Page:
Comment Source:> What in the Linux world is a death spiral of junk? Umm, not the kernel per se. Stuff like Gnome and KDE "desktop" environments mimicking the windoze 1-peephole system (at least they serve n disconnected peepholes (BTW, Bill Gates' most ingenious invention is the plural-s in windows)). I remember the good old days when a terminal window popped open in less than a second. Ditto the text editors. Today you got giga machines and have to wait even for a menu to pop up. Luckily with Linux I can still use the old quick and perfect stuff, e.g. xterm, nedit, etc. on a Fvwm desktop. Alas it seems I need to write myself a file manager, the old one no longer compiles...
  • 6.

    Back to Martin's earlier comment:

    innovation can also be about low tech and scaling things down - but that would require rational thinking...

    Low-Tech innovation and re-inventing some of the everyday devices are both very important. In many cases, sustainability is about finding more efficient or less consumptive ways to do the things we are going to do anyway. And that too requires innovation.

    But heck; who wouldn't want to develop an inexpensive, clean, and virtually inexhaustible source of energy? And something more prosaic, like being able to clean up all the garbage floating on the oceans, would also be nice. So finding a way to do something big like that is also very good.

    However; maybe we should be scaling down too. As Pete Seeger said in "Arrange and Rearrange" - "when maniacs holler grow, grow, grow, we can choose to be small." To an extent; that is the whole nut of the sustainability challenge. The idea in many people's minds is that only constant growth can adequately fuel the engine of industry, and create healthy governments and economies.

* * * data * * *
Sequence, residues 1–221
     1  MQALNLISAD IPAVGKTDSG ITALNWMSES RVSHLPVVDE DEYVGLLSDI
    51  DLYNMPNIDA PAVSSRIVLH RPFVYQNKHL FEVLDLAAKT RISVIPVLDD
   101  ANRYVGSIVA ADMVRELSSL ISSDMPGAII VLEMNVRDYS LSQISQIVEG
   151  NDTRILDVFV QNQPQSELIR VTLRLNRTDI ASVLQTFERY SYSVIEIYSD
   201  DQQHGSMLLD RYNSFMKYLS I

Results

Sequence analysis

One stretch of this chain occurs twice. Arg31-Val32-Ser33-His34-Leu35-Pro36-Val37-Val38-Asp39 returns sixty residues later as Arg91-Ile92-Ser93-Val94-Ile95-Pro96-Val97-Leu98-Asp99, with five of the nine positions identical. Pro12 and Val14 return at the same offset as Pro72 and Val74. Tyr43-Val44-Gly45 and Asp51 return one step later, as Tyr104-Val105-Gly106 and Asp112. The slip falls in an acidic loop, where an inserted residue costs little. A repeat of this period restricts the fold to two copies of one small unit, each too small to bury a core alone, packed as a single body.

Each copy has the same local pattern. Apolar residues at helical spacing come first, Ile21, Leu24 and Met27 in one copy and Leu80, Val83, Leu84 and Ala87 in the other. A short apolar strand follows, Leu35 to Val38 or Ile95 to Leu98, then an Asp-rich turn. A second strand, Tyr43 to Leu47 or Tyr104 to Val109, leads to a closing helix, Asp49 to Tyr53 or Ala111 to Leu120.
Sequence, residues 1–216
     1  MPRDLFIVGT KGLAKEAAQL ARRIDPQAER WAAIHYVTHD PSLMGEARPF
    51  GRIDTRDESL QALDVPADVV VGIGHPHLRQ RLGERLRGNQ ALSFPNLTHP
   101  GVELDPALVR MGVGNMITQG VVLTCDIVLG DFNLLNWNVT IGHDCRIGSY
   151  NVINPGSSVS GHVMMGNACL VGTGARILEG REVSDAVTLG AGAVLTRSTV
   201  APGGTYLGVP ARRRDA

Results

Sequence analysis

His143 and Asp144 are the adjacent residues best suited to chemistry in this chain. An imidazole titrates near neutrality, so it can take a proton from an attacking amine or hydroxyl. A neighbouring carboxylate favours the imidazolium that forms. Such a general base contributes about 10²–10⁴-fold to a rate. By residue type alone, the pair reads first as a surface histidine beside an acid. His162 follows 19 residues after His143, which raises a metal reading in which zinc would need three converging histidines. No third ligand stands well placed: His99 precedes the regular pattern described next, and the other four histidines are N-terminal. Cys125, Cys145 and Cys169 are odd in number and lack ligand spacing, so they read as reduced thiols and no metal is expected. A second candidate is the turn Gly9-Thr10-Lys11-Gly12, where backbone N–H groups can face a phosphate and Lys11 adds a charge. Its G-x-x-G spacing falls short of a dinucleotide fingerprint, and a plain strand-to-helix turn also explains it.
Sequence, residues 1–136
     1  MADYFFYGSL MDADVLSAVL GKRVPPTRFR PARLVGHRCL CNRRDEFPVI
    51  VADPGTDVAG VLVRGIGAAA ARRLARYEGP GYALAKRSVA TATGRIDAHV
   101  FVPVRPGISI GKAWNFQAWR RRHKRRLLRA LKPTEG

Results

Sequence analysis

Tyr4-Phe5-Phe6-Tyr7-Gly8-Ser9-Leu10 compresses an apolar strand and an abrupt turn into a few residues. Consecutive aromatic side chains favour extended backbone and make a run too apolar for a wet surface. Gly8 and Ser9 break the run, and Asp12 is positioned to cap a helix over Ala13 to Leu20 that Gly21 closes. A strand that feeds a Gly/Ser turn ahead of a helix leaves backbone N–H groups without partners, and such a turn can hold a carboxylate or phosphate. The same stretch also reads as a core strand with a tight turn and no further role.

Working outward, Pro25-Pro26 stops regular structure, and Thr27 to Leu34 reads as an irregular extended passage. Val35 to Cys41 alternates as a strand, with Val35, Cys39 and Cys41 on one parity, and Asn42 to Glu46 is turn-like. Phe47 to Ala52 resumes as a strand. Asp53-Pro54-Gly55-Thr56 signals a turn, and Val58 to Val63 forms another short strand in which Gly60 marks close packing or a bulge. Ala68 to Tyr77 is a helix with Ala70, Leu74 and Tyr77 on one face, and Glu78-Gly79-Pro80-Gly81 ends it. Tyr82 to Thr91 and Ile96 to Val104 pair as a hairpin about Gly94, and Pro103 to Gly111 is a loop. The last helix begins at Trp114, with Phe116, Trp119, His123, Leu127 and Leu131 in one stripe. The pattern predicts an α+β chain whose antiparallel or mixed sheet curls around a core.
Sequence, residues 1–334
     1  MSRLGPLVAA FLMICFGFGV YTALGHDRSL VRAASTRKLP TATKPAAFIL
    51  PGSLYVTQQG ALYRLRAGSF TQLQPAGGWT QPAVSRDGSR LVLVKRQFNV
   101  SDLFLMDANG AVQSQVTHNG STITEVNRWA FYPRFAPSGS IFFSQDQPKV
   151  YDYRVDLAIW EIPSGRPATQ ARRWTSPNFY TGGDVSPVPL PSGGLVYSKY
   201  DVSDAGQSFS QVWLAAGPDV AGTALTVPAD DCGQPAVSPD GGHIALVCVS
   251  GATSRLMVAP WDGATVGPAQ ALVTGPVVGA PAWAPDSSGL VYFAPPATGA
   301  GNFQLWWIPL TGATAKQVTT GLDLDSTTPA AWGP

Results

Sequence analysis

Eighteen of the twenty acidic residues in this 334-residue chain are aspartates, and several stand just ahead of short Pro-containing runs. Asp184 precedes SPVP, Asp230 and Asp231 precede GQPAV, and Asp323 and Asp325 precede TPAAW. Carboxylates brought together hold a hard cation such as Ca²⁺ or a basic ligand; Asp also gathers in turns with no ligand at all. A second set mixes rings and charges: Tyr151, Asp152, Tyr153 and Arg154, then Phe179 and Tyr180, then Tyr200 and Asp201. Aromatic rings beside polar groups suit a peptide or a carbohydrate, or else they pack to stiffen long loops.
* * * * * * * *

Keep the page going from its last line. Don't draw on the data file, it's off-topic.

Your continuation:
As those reading my words well know; the planet cannot support this mode of existence. So a big part of how we have to innovate is figuring out how to do big things in a small way, by scaling down, reducing our footprint and consumption, conserving wherever possible, and otherwise being a little more efficient and wise about our usage of resources. So; I'm all for 'rational thinking' and scaling things down.

    Comment Source:Back to Martin's earlier comment: >innovation can also be about low tech and scaling things down - but that would require rational thinking... Low-Tech innovation and re-inventing some of the everyday devices are both very important. In many cases, sustainability is about finding more efficient or less consumptive ways to do the things we are going to do anyway. And that too requires innovation. But heck; who wouldn't want to develop an inexpensive, clean, and virtually inexhaustible source of energy? And something more prosaic, like being able to clean up all the garbage floating on the oceans, would also be nice. So finding a way to do something big like that is also very good. However; maybe we should be scaling down too. As Pete Seeger said in "Arrange and Rearrange" - "when maniacs holler grow, grow, grow, we can choose to be small." To an extent; that is the whole nut of the sustainability challenge. The idea in many people's minds is that only constant growth can adequately fuel the engine of industry, and create healthy governments and economies. As those reading my words well know; the planet cannot support this mode of existence. So a big part of how we have to innovate is figuring out how to do big things in a small way, by scaling down, reducing our footprint and consumption, conserving wherever possible, and otherwise being a little more efficient and wise about our usage of resources. So; I'm all for 'rational thinking' and scaling things down.